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OPINION

How Not To Do CX, Lenovo Style

Customer Experience CX

Sometimes the world of smart technology innovations collides with the planet of dumb customer service provisions. That collision usually does not bode well for the customer.

In my case, that scenario is particularly true. I bought Lenovo’s Chromebook Duet 5 for an attractive price from a major national electronics store. In hindsight, that was a purchase I wish I could undo.

The Duet 5 is regarded in numerous reliable reviews as the best overall ChromeOS tablet/detachable computer available this year. Its larger screen and detachable full-size keyboard make a usable and fun tablet experience not available with pure Android devices.

For me, that accolade falls far short of reaching that mark. In fact, if your primary need for a Chromebook is to run Linux apps, think again about not buying Lenovo’s Duet 5. You might get a unit like mine that does not do Linux even though it is supposed to work. That failure is not considered a valid claim under Lenovo’s warranty.

I have become quite fond of Chromebooks. ChromeOS devices supplement my home office cadre of Linux computers. They link to my Android phone and its apps. I can run the same productivity apps and access their data directly on the Chromebook.

What fed my attraction to the Duet 5 is its logical follow-up to the very popular 10.1″ original Duet I bought a few years ago. The Duet line has a detachable keyboard and is a stand-alone ChromeOS tablet.

Putting want versus need aside, I debated the prospect of more productivity and convenience with a bigger screen at 400 nits, larger keyboard, and 8GB of RAM. I knew the manufacturer and the retail store as well as the product line. Or so I thought.

What could go wrong? Three things: a failed product, no support, and a warranty that also did not work!

Maybe One Too Many

The last thing I needed to buy was yet another Chromebook. Over the last few years, I have used four or five models from HP, Lenovo, and Asus.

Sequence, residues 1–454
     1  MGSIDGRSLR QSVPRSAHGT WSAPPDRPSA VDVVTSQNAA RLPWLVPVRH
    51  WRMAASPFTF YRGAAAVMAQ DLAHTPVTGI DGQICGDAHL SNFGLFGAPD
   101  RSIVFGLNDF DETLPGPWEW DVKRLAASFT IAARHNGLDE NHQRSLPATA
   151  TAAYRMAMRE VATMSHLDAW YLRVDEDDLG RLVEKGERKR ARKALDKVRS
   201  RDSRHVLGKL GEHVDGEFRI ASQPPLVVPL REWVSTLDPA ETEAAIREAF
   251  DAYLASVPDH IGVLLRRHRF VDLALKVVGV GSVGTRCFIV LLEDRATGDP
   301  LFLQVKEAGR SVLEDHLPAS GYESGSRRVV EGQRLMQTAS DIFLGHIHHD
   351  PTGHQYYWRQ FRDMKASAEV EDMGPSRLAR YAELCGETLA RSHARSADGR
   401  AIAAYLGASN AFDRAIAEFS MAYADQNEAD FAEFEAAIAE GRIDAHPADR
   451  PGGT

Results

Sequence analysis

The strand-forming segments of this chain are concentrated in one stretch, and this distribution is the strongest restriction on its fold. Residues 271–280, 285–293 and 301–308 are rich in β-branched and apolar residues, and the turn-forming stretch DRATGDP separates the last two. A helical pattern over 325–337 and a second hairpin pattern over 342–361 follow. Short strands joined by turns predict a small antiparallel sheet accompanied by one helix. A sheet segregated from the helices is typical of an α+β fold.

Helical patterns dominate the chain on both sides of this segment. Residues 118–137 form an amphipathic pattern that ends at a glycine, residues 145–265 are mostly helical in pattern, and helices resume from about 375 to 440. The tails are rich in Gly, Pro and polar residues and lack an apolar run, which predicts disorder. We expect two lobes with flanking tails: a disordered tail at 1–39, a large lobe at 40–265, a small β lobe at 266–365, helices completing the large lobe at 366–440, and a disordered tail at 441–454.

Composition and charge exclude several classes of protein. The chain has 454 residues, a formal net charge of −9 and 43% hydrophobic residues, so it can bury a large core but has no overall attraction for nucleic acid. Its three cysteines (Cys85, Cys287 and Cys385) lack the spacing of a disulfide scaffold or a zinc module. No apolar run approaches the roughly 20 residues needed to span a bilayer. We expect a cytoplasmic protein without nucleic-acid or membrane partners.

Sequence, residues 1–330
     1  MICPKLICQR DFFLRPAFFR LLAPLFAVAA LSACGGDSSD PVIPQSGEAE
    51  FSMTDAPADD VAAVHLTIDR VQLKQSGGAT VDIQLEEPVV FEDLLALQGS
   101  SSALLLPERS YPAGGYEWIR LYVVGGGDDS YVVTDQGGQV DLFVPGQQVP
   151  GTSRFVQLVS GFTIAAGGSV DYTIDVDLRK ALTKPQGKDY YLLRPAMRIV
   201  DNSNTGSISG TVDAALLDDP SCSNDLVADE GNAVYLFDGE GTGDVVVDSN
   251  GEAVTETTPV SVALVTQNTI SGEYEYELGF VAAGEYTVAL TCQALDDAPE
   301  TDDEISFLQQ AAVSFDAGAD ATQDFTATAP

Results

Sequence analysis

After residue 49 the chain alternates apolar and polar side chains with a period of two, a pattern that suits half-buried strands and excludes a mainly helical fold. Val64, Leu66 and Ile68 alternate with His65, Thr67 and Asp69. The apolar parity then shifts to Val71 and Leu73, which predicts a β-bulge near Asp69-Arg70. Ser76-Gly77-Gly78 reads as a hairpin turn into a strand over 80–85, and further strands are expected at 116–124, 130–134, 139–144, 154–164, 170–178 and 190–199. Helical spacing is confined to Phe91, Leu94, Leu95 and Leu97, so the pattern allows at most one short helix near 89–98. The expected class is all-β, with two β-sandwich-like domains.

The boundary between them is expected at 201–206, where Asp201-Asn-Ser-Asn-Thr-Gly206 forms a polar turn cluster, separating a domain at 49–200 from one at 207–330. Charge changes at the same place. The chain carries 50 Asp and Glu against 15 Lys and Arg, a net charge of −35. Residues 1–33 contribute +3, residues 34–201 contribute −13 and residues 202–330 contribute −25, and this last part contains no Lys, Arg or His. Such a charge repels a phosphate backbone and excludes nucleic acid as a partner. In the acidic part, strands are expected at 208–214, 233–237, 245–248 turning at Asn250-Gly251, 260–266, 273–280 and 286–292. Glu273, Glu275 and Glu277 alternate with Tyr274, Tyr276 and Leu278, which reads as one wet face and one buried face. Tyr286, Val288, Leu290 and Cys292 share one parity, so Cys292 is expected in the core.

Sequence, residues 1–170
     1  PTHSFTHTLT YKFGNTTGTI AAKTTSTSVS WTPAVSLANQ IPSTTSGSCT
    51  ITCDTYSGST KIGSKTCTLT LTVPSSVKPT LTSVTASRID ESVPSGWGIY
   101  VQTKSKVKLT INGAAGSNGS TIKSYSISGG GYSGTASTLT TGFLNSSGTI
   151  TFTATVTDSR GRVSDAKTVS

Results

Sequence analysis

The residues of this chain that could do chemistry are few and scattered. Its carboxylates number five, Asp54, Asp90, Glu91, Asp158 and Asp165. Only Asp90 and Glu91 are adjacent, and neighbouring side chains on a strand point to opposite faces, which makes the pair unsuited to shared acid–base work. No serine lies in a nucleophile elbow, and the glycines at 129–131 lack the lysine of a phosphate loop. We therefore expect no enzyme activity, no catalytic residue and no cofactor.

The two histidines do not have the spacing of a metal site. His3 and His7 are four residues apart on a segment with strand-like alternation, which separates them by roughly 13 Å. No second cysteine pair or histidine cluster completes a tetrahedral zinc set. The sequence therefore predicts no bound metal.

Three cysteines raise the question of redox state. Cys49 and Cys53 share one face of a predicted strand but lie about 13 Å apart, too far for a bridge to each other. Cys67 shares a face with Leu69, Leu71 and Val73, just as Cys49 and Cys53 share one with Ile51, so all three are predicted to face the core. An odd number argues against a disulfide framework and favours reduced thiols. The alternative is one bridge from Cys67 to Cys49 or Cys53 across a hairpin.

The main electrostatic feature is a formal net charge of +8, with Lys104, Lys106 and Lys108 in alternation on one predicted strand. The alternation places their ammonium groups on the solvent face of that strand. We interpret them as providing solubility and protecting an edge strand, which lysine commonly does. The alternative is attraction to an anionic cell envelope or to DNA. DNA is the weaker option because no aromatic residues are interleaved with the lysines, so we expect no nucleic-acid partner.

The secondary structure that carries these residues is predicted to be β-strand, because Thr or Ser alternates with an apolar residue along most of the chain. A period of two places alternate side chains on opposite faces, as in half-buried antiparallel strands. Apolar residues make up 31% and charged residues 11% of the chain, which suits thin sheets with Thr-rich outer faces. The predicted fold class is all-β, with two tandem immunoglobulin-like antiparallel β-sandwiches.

The Duet 5 seemed to check all the boxes. As it turned out, the check mark fell out of the box for reliable tech support and customer service.

Nope, I could not return the computer. By the time I discovered its defective nature the undo window had closed.

I suppose this incident will nudge me to buy expensive add-on store warranties for less expensive electronic devices. Adding insult to injury, Lenovo tech support said the malfunction was “beyond the scope of the manufacturer’s one-year warranty.”

A final correspondence from Lenovo’s tech support told me that if I shipped the device to its repair facility, all the technicians would do is reset the unit to its original OS status and remove Linux.

Heck, I had already done the same thing twice.

Lenovo Buyers Beware

This account is not intended to be a product review. Rather, it tells what happens when corporate arrogance destroys the customer experience.

I usually write about business technology issues and open-source developments impacting the Linux OS. My reporting beat overlaps with e-commerce and customer relationship management (CRM) issues.

As a tech writer and product reviewer, I am used to manufacturers sending me top-of-their-line products in hopes of showing off their best wares. Marketing marvels often offer high-end configurations to curry consumers’ attention. They go out of their way to make sure the reviewer is fully satisfied.

Too bad that mentality does not always exist when lowly consumers are on the receiving end. But I was not using a loaner unit I would send back anyway, satisfied or not. I bought this model with no plans to review it. I just wanted to use it.

My personal experience hardened my resolve to not buy a Lenovo product going forward. Not because of a bad product encounter. Lenovo lost my customer loyalty because of shoddy customer service and no dedication to resolving my issue with a malfunctioning computer that they built.

The Gory Details